2. Heat the olive oil in a frying pan and gently fry the red onion for 5 minutes, then stir in the flour and season well. Add the frozen spinach to the onions and gently heat until defrosted and cooked through.
  3. Butter an ovenproof dish and layer up the potatoes, onion and spinach with the broken up salmon, ending with a layer of potato.
  4. Heat the mascarpone until it liquifies, then pour over the bake. Sprinkle with the cheese and bake for 20-30 minutes, until golden and bubbling.

I think that if we make this again, the double cream will make a difference – mascarpone was fine, but I think the cream would just blend in a little better. It’s definitely a winter warmer and it’s a nice end-of-the-week meal as the salmon makes it feel just a little bit luxurious and more of a treat. If you make it, enjoy 🙂


Winter Walks

Winter Walks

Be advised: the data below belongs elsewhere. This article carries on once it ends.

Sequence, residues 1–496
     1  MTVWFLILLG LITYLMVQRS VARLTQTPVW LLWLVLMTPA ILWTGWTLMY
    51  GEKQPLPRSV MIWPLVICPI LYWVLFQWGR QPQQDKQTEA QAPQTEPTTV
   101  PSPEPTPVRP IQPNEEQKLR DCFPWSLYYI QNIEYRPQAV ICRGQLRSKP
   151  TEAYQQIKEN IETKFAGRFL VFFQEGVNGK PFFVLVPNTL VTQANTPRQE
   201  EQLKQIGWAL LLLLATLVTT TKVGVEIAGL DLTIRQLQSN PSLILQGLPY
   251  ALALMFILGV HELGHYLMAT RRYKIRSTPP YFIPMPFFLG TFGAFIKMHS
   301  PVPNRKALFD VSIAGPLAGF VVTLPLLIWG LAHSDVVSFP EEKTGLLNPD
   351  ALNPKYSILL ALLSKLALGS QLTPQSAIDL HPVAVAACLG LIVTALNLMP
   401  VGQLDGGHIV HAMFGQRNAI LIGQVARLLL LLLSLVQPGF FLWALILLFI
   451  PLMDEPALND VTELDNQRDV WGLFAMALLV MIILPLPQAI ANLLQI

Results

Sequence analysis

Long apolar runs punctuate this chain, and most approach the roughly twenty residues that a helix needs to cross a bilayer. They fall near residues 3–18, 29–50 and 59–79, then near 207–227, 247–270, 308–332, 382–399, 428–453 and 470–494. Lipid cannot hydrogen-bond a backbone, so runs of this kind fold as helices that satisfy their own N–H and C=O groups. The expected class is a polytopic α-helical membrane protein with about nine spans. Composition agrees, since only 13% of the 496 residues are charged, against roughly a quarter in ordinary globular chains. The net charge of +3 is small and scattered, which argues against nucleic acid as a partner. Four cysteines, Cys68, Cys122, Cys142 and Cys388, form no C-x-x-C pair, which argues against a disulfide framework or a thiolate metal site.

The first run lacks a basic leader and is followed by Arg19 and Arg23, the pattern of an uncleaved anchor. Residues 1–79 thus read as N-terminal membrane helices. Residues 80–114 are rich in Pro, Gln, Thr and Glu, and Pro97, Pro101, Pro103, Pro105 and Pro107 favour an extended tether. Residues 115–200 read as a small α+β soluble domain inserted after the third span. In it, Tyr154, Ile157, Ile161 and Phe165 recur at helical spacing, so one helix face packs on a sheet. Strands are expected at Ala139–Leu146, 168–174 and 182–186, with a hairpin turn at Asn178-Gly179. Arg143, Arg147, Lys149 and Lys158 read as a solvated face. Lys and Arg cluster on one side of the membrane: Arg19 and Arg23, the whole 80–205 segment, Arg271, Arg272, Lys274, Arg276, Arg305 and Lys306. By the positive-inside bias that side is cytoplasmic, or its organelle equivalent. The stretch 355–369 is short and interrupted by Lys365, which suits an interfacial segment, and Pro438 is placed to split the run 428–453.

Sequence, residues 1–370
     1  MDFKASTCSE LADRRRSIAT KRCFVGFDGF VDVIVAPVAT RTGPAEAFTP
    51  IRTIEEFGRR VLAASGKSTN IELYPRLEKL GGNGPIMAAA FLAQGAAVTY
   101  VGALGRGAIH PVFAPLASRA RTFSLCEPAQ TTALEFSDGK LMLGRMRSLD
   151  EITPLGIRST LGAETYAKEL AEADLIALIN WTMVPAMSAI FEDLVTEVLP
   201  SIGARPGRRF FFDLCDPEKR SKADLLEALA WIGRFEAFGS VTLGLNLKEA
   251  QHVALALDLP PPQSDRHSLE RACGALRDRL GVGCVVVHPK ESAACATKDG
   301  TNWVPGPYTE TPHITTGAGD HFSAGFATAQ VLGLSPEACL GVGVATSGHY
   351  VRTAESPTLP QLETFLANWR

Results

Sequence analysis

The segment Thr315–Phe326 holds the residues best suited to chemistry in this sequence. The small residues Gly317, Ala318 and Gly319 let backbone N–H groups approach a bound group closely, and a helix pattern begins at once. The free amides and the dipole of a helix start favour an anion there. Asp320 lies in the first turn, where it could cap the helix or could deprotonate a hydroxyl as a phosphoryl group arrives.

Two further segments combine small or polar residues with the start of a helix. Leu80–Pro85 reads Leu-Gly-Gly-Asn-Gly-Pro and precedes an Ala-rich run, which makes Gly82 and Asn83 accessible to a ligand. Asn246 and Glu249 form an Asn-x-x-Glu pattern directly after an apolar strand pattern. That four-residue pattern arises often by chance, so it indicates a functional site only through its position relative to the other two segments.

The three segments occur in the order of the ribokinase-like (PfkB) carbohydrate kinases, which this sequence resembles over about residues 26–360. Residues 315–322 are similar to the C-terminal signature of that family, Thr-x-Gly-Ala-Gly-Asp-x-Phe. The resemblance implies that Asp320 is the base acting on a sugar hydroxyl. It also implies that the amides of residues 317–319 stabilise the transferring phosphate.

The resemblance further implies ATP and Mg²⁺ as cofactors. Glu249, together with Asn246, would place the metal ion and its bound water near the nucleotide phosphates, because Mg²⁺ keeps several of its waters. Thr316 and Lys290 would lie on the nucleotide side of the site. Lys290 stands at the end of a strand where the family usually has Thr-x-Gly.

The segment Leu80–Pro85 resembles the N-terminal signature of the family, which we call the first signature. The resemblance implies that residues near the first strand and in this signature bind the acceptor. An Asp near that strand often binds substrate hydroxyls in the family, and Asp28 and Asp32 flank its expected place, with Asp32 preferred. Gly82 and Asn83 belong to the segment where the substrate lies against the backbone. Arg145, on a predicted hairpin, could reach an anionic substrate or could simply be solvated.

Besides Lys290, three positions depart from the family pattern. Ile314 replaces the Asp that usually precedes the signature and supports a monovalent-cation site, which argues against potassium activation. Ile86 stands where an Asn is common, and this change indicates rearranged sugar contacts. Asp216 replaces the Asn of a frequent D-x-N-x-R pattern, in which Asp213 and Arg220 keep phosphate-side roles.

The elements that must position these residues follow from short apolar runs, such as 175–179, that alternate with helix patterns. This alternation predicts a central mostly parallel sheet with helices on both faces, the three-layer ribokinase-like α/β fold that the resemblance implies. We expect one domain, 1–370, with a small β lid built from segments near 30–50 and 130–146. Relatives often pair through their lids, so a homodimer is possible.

It’s absolutely freezing in Istria at the moment. That’s right, freezing. Not the wall to wall sunshine & heat we’d naively thought we’d be experiencing, all year round 😉 But, we’re also just a little bit stir crazy, having not really left our village (apart from supermarket visits) for over nine months. The same for most people, though, as we live through the craziest times. So, we’re making sure we get out and about in the fresh air every day and walk. Hard to believe, but I’m even doing it in the rain! When it’s especially cold, we don’t stray too far and tend to just walk up to the village and around and back and this gives us a good 2km walk. It’s what we did this morning, getting back to the warmth of the woodburner just before the first snow flurries of the year fell. The picture above is taken from the far edge of the village – if you carried on walking, you’d end up in Slovenia. Those peaks in the distance are the foothills of the Julien Alps. Beyond the ridge, they get higher and higher and there is enough snow for ski resorts – in usual times – to be open at this time of year. To the left of the photo is the Gulf of Trieste and the gateway into Italy. As soon as spring arrives, this view is amazing – the landscape bursts into colour and the trees become vibrant green. A bit different in January, but that’s winter for you.